When the Sun Was His Smile

In Darkness -- one of this year's nominees for Best Foreign Language Film -- opens February 10.  It is a remarkable film, and an extraordinary accomplishment.

The title is both metaphorical and literal: the film takes place during the great darkness that descended on Europe during World War II, and the story unfolds mostly in the pitch-black sewers of Lvov.  In the pervasive darkness, Leopold Socha -- a Polish Catholic sewer worker and a thief -- hid Jews for 14 months in the same place he hid his stolen goods.

The film is the result of an eight-year effort that began when Canadian David Shamoon read about Socha in a review of Martin Gilbert's 2003 book on righteous gentiles.  It made him want to learn why a criminal -- or anyone -- would risk his life and his family's lives to help strangers.  Shamoon contacted Gilbert, who told him about Robert Marshall's 1991 book In the Sewers of Lvov.  Shamoon bought the last copy of Marshall's book on Amazon and, after reading it, was moved to write his first screenplay:

[A]s the son of parents who had to flee Baghdad to escape Iraq's persecution of Jews, [the story] also spoke to me on a very deep level. So I personally optioned the film rights to the book and spent the next year researching the era and writing the script 'on spec'. Early on, I made two very critical choices: I would not sugar-coat any of the Jewish characters -- they were all deeply flawed[.] ... The second choice was to limit the depiction of the atrocities [since] audiences are already aware of the extent of the horror[.]

After finishing the script, Shamoon spent a half-decade trying to get the film made.  He approached the great Polish director Agnieska Holland (whose Oscar® nominations include Europa, Europa and Angry Harvest and who directed The Secret Garden).  She turned it down, and eventually agreed only if the story were told in its original languages -- Polish, German, Yiddish, and Ukranian, rather than English.

The resulting film has an authenticity it would have lacked in the language of Hollywood.  It is also a truly extraordinary piece of filmmaking, because it is able to convey the horror of the time in a single scene lasting less than a minute, tell a story that is gripping and complex, and leave viewers with a new understanding of both darkness and light.

Holland says her biggest challenge as a filmmaker was the darkness: "We wanted the audience to have the sensual feeling of being there."  The director of photography, Jolanta Dylewska, tried to create a "dramaturgy of lighting by which the spectator will be 'touched' by the darkness."  The film's music is powerful, including Henry Purcell's haunting 17th-century aria "When I Am Laid in Earth," which includes these lyrics (unspoken in the film):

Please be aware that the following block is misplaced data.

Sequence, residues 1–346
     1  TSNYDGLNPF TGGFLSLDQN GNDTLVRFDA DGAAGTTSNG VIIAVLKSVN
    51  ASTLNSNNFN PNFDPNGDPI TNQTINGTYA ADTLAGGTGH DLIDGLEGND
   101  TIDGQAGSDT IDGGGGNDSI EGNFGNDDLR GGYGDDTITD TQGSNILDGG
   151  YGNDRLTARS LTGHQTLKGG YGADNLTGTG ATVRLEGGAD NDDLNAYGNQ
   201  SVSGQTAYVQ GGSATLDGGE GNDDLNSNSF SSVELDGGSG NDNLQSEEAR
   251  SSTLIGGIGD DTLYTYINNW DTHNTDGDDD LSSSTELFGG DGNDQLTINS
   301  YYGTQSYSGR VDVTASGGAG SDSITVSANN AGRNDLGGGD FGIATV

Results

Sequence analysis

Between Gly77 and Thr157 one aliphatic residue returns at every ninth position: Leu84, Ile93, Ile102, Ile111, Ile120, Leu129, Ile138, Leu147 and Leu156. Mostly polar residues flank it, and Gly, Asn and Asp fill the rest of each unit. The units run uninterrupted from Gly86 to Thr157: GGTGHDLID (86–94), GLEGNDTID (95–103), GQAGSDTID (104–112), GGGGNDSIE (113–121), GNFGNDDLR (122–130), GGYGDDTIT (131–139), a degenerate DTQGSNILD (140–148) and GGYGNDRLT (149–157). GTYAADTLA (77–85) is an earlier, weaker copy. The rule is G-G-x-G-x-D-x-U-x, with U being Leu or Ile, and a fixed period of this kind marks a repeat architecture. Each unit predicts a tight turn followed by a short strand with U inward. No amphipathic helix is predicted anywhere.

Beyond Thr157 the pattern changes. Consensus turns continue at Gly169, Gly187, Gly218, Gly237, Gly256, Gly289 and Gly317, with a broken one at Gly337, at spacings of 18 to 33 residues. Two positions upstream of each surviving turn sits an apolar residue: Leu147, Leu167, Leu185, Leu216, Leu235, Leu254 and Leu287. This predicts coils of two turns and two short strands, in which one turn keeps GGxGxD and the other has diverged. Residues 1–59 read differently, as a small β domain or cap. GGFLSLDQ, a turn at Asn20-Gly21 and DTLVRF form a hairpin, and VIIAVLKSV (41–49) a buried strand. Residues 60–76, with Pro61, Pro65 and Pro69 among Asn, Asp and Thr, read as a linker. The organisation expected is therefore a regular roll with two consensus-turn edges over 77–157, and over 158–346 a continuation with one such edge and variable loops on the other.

[D]arkness shades me, on thy bosom let me rest. ... When I am laid, am laid in earth, may my wrongs create no trouble, no trouble in thy breast. Remember me, remember me, but, ah, forget my fate.

The people portrayed in Gilbert's book had various reasons for saving Jews.  Some believed that God was testing their Christian faith by sending them Jews in distress.  Some saw sheltering Jews as a form of political resistance.  Some felt that their actions were the only thing a decent person could do.  Socha (played by Robert Wieckiewicz in an extraordinary performance) is different.

At the beginning of the movie, he is stealing goods from empty Jewish homes as the Jewish community in Lvov is liquidated; he is motivated by money.  He agrees to hide Jews since it is easier than getting money from turning them in.  Both he and the Jews are ambiguous characters, with multiple motivations, thrown together in an unbearable situation in which some find depths of character they did not know were there and others come up empty.  All of them are changed by the experience, and viewers may be as well.

Today there is one remaining Jews from the Lvov sewers -- Krystyna Chiger, who was an eight-year-old child then and is a 76-year-old woman now.  She was interviewed in 1947 at age 11, and was interviewed again last month by the Wall Street Journal, recounting that the producers of the film asked her to watch it to gauge its veracity.  She said, "The whole time I was shaking and tears were coming to my eyes," and she told the producers, "I don't see any mistakes.  It was really what happened."

The Journal asked how she still remembers Socha so well, so many decades later:

Him I remembered vividly because he was like an angel. We were sitting in the basement in the darkness, you see someone climbing from a hole with such a bright smile. It's like I always compare it to the sun coming out.

In the Hebrew Bible, the ninth plague in Exodus 10:21 is a three-day darkness that covers the land -- a darkness the Bible says could be "felt" or "touched."  The darkness in In Darkness is virtually a character in the film; it can be felt and touched.  The light is a character that can be felt and touched as well, but it would spoil the ending of the film to describe how.  Suffice it to say that the light in the film comes from both above and within.

Director Agnieszka Holland said during the production of the film that she wanted to create a film that would last.  Most of her father's family died in the Warsaw Ghetto; her mother helped save people there and is listed in the Righteous Among the Nations.  Those who see their daughter's film will likely emerge from the darkened theater with an experience that will endure.